It means different things to be “at home” these days. A home now can be an office or a school or a gym as well as a dwelling place. That makes it feel different when you are living “at home.” That’s why it is still important to have a specified space for various activities. I liked to close the door to my “office” when I was done working from home and then move to my recliner for my retreat when my workday was done.
Since church services are still very much online events, the home has become a church as well. Think about ways that you can set aside a particular place for viewing videos and live streams of worship or spaces where you as a family can gather for Bible reading and prayer.
Our homes have been much more adaptable than we thought possible, and we have become more adaptable than we might have envisioned too. For this we need to thank and praise our God. I think of this verse: “Now to him who is able to do immeasurably more than all we ask or imagine, according to his power that is at work within us, to him be glory in the church and in Christ Jesus throughout all generations, for ever and ever! Amen” (Ephesians 3:20-21). Even though it has been a challenge within the walls of our homes during these pandemic days, we have seen firsthand what God has been able to do in these circumstances that is beyond what we expected. People have talked about having more time to talk to one another and enjoy each other’s company. That’s God at work in our relationships. I have been doing a lot more praying than I did before. That’s God at work in my faith. I have noticed that I have become more grateful for the small things that my house affords, like a bath or a shower. That’s God at work in my outlook on life.
We might feel like homebodies these days, but maybe that is where God wants us to be somebody that lives for him in unique and inspiring ways. Wasn’t it Jesus who said, “But when you pray, go into your room, close the door and pray to your Father, who is unseen.” (Matthew 6:6)? That might be just what “being home” means for you right now. And that’s OK.
Preaching to Generation Z (those born from 1999 on) means you can’t preach your Grandpa’s sermon anymore. Pastor Trygve Johnson has some tips for how to connect to Gen Z from the pulpit (“Next-Gen Preaching,” CT Pastors Special Issue, Spring 2019, 35-36).
I get inside my sermon. Preachers should not be afraid to share their stories from their own lives. They should not be afraid to laugh at themselves. Generation Z seeks a preacher that is relational, that tells it like it is, that it is personal.
I offer a sense of history and place. Preachers should put sermons in context both Scripturally and in terms of the space where they are worshiping. In this digital age, Gen Zers are not as fully aware of some of the stories of the Bible as perhaps generations before have been and they may not be as connected to the meaning and history behind the surroundings in their worship space and the community that formed there. These community stories need to be told as well.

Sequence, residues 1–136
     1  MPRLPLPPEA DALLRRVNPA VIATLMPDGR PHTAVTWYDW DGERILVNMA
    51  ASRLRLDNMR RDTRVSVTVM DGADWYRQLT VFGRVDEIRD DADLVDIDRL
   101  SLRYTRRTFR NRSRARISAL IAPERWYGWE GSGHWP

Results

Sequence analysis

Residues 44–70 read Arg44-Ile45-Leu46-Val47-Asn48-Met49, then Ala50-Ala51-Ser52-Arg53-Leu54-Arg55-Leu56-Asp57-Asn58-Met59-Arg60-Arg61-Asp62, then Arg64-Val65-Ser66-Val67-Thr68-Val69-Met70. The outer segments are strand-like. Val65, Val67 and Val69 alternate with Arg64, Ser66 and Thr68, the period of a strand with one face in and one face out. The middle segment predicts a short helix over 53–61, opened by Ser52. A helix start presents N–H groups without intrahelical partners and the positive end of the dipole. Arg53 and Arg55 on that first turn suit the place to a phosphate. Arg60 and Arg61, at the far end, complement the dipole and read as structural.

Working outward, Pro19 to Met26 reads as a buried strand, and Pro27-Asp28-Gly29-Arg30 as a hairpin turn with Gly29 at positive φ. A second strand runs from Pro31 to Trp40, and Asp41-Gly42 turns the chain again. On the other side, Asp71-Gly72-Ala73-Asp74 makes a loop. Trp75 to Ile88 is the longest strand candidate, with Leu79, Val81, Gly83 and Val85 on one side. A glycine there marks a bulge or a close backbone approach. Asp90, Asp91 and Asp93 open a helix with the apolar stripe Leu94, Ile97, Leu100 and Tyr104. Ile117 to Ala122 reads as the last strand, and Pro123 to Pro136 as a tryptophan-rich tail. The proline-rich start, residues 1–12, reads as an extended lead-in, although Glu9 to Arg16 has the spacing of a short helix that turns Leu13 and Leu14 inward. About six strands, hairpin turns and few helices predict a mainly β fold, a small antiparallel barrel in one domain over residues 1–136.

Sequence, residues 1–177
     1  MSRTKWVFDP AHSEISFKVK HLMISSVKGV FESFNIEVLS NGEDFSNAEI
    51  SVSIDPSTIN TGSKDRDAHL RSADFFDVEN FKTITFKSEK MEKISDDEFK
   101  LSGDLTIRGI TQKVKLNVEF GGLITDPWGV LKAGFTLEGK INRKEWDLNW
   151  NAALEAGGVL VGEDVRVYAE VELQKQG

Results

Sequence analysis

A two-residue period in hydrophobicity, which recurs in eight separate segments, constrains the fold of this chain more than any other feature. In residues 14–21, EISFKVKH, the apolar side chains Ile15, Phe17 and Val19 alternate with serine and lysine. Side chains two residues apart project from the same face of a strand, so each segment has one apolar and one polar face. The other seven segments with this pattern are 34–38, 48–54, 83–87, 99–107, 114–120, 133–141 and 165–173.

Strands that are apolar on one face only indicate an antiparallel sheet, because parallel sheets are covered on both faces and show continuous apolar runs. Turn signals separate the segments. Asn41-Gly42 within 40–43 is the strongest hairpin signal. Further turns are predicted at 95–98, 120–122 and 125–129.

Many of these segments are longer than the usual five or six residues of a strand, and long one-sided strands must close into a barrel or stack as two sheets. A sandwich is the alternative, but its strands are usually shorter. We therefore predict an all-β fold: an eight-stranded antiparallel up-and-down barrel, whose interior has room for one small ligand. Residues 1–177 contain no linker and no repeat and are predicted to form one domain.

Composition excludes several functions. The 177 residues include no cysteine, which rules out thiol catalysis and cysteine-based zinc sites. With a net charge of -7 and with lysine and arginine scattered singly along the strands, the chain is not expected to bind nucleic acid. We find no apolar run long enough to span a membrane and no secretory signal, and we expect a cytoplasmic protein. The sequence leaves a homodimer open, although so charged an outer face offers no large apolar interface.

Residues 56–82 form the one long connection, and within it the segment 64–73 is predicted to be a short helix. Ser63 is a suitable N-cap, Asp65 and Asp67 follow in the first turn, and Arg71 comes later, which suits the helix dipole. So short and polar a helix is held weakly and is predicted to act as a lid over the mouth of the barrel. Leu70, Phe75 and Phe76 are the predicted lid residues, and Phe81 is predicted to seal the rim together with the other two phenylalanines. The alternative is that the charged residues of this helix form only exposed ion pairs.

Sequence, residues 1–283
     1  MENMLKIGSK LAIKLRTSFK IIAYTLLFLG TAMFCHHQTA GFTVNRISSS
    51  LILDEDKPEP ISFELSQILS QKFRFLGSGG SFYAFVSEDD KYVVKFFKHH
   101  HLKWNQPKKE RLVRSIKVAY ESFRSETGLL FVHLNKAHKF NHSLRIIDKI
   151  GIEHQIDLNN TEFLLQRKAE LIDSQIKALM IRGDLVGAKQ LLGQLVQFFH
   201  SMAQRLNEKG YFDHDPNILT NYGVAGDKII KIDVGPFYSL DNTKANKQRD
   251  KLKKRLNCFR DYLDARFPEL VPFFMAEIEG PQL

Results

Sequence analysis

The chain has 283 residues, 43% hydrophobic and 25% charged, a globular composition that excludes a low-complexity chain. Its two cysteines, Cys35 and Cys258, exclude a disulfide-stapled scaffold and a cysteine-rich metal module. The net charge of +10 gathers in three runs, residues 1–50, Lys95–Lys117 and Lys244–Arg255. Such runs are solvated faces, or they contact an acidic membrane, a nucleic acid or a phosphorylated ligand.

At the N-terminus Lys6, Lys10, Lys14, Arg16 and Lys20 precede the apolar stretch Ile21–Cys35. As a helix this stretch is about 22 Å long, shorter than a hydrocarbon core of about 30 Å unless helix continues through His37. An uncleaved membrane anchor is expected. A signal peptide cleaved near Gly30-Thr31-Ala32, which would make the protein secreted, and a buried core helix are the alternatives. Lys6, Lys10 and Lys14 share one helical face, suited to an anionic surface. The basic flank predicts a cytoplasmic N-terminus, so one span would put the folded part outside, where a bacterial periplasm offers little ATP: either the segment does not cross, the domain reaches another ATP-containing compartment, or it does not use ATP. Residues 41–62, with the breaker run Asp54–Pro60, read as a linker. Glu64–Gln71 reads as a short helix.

I treat people like insiders. Preachers need to help those who are listening that they are loved, cared for, valued and accepted. Gen Zers are eager to be a part of something and learn new terms and new insights. Preachers should not shy away from sharing those new and perhaps more challenging concepts.
I preach for Gen Z, not at them. Preachers should not try to make their messages trendy, hip, or all about pop culture to impress Gen Z. Preaching for Gen Z means making God the subject of the sermon, and the salvation found in Christ alone. Keeping God at the center of all that is said in sermons is what will be of most value to Gen Z. The Word of God is what they came to hear.
In many ways these principles are actually what can make preaching better for all generations.
Dr. W. Mart Thompson in his seminar “You Are a Royal Priesthood—God calls and equips Christians to serve one another,” talked about the role of vocation in our lives.
Vocation is a calling from God to serve him and others. In a Christian context there are three realms or estates of our vocation. They are: home, congregation, and society.
As part the seminar, each participant shared their vocation using these parameters. Here’s mine as an example.
A family vocation: brother, son
A congregational calling: Bible study leader
An occupational vocation: writer at Creative Communications
A community calling: member of a Tuesday night bike-riding club
It was an interesting exercise because it helped me to see where God has placed me to serve and how I might be more intentional in revealing my relationship with Christ to others and being more Christ-like in my words and deeds.
It was also interesting to listen to the vocation lists of all those in attendance and hear how God is working in so many and various ways in the lives of his people. The ways in which people volunteer and give of their time and unique skills was truly inspiring.
Consider doing this vocation exercise this week for yourself and think about how God has placed you in a certain time and place and position for a reason. Take time to ponder what those reasons are, pray about them and then act upon them as the Holy Spirit directs you.